Joyce dropped serious weight last winter as a wrestler to compete as a 195-pounder and earned a state qualifying spot. This spring and summer, Joyce bulked up again. He wants to play college football, and wants to go into bio-mechanical engineering where he can one day hopefully work on building prosthetics.

At this point, he’s been in contact with Ohio University — which has the engineering degree he seeks — and Bobcats’ DE coach Pete Germano. It’s far from a done deal. But he figures the Blue-Grey game can only help him pursue an opportunity at the next level.

“It’s looking like the lines are starting to get straighter, but there is a lot of work to do yet,” Joyce said. “I’m getting there.”

For now, however, Joyce is happy to continue to work on shutout after shutout with the Trimble defense. The goal is a state record 11 shutouts this season.

If the Tomcats get it, it will be because they play as something more than the sum of their parts, he said.

“We’re all like brothers,” Joyce said. “You can tell someone’s emotion just by looking over at them. Even if they got a helmet on, or eye black, it doesn’t matter.

“That’s what really pushes us to being as great as we are.”

And Joyce is going to keep pushing until he ends up on a college roster.

On tap

Trimble (3-0, 2-0 Tri-Valley Conference Hocking Division) continues its season on Friday night when South Gallia (1-2, 1-1 TVC Hocking) comes to Glouster for a 7:30 p.m. start.

The Tomcats’ ferocious defense has been on point so far in 2019 as no Trimble opponent has yet dented the scoreboard. The ‘Cats combined score through three games is 129-0.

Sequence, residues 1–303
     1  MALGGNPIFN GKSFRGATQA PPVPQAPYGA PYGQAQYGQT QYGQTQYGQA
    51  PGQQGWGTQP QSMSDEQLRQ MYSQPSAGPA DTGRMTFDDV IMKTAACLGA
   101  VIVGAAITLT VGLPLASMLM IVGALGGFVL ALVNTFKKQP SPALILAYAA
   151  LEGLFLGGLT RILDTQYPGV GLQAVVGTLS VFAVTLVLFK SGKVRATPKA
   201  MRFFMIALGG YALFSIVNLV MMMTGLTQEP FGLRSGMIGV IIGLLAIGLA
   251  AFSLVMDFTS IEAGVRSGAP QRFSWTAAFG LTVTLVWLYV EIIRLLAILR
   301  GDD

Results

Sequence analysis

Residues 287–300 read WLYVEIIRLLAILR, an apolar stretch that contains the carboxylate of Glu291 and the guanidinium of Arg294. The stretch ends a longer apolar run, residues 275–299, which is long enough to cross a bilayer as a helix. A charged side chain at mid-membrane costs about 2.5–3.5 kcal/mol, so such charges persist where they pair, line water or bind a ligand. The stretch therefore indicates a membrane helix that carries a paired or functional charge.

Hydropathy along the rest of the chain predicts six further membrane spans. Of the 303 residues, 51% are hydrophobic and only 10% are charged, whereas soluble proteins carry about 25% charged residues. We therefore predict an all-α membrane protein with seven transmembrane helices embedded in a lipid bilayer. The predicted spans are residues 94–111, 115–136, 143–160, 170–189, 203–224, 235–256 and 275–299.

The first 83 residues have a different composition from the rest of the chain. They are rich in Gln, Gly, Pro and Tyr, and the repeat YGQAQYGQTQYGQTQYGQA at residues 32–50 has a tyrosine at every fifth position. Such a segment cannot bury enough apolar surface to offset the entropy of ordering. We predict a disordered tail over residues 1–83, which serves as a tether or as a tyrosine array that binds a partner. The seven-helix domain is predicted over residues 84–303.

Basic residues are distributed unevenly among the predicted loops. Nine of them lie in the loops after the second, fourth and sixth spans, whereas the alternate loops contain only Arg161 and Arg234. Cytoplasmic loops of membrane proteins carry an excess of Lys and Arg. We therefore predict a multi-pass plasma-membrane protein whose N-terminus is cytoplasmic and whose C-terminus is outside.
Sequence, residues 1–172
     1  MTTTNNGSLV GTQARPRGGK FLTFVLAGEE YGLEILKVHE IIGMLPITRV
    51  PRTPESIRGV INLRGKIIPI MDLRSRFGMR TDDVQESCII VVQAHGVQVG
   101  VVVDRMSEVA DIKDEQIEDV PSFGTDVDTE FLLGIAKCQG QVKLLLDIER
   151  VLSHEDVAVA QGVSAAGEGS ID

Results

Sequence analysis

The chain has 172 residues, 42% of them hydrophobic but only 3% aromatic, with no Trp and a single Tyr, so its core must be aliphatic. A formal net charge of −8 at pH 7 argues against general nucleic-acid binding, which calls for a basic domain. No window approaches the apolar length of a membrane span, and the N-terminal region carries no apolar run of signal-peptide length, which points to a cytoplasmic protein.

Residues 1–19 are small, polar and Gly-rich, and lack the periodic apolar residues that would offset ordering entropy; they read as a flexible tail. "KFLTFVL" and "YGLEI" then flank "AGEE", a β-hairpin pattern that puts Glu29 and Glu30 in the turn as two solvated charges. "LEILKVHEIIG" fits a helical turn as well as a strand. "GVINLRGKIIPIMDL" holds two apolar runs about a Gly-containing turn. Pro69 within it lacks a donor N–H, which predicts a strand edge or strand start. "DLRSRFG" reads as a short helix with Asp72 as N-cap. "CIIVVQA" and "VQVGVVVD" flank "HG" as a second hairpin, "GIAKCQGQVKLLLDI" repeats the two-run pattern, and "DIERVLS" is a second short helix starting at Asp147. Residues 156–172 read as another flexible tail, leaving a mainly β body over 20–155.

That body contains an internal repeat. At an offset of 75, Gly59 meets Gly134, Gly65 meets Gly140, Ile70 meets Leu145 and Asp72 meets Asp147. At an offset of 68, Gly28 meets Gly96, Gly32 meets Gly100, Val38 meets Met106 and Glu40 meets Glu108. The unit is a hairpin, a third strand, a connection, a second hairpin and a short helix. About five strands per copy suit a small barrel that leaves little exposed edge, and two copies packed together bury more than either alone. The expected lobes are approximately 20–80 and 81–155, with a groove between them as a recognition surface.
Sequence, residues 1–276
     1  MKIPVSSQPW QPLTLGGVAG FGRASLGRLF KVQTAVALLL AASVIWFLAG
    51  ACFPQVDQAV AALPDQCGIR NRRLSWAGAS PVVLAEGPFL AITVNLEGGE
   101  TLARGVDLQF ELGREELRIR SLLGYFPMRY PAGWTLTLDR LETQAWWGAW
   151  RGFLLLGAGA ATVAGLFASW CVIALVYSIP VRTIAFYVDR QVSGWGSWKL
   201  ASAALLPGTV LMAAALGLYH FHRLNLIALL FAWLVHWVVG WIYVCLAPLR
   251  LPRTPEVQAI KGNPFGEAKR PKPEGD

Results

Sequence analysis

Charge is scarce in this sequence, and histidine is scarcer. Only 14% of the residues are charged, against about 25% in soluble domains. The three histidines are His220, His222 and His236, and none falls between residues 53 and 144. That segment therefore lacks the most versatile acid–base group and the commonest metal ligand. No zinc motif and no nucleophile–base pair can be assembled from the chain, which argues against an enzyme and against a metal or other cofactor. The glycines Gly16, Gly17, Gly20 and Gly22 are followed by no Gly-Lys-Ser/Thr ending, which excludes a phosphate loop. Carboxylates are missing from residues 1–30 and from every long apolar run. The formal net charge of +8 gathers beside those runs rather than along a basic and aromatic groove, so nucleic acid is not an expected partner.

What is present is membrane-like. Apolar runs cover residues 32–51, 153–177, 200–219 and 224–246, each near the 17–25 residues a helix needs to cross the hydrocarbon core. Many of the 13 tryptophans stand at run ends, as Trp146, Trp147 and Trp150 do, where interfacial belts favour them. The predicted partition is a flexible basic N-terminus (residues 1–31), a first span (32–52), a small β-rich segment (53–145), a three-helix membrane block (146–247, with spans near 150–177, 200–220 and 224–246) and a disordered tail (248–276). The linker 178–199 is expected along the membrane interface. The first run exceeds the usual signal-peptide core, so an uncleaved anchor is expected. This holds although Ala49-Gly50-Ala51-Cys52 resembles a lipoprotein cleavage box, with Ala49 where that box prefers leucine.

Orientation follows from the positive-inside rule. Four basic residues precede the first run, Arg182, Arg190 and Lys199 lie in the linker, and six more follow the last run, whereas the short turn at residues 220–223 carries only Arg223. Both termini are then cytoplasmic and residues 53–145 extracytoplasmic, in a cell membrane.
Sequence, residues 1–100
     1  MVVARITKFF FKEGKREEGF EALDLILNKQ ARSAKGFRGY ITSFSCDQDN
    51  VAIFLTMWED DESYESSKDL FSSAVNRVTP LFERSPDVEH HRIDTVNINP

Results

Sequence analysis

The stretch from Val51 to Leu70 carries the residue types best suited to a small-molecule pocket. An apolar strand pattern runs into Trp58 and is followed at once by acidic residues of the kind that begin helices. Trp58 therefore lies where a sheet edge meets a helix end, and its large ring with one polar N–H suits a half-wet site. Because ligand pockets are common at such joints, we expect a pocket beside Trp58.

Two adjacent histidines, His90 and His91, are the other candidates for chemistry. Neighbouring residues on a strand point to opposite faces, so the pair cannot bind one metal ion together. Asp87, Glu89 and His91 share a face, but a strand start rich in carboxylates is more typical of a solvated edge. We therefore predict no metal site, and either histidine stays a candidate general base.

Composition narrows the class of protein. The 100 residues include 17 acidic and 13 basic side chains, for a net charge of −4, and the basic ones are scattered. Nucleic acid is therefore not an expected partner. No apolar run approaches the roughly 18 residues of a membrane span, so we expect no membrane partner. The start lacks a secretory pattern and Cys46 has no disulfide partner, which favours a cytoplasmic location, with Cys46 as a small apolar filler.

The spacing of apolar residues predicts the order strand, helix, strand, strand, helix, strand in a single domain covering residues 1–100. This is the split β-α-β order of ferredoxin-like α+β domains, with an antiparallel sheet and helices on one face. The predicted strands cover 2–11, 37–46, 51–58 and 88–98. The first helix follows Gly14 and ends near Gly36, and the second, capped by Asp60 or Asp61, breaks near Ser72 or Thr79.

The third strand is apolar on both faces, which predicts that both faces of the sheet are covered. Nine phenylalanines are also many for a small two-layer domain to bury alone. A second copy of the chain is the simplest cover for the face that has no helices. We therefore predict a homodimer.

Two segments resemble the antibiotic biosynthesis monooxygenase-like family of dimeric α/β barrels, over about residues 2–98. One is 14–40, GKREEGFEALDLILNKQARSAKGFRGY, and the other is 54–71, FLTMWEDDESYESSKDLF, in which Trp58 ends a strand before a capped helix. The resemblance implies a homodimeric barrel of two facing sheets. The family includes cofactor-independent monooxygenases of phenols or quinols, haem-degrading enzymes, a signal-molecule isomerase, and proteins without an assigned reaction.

The Tomcats showed up at No. 8 in the first state-wide Associated Press Top 10 poll for Division VI this week.

Trimble has posted 15 straight wins in league play, and will be expected to make it 16 in a row on Friday.

South Gallia opened the season with a close loss against Symmes Valley (14-12), but was hammered in week two by TVC-Hocking foe Waterford (40-8). The Rebels got on track last week with a 44-0 win over visiting Federal Hocking.

But it’s hard to see Trimble losing this one. In fact, the Tomcats have never lost to South Gallia since the Rebels joined the TVC-Hocking (2010). The Tomcats are 9-0 in league games against SG, and the bulk have resembled last year’s 32-0 win in Mercerville.

Stat pack

— Senior tailback Conner Wright had a rarity in last week’s 48-0 win over Eastern. He finished with 78 yards and two touchdowns on 13 carries; it was his first regular-season game as a starter where he didn’t rush for at least 100 yards. Wright (506 yards, 7 TDs in 2019) has gained at least 100 rushing yards in 15 of 18 games since the start of the 2018 season.

— Senior quarterback Cameron Kittle is completing nearly 70 percent of his passes this season. It’s a huge jump up in accuracy compared to his two previous seasons. With 294 yards passing and six TD passes, Kittle is well ahead of last year’s pace (756 yards in 15 games, 7 total TD passes).

— Trimble’s defense is checking all the boxes right now. Opponents are picking up less than 2.0 yards per carry, and the Tomcats have a +3 turnover ratio after three games. Trimble has allowed a combined 254 yards in three games, or about half of what Wright has gained on the ground himself this season.

Email at jarkley@athensmessenger.com; follow on Twitter @JasonAmessenger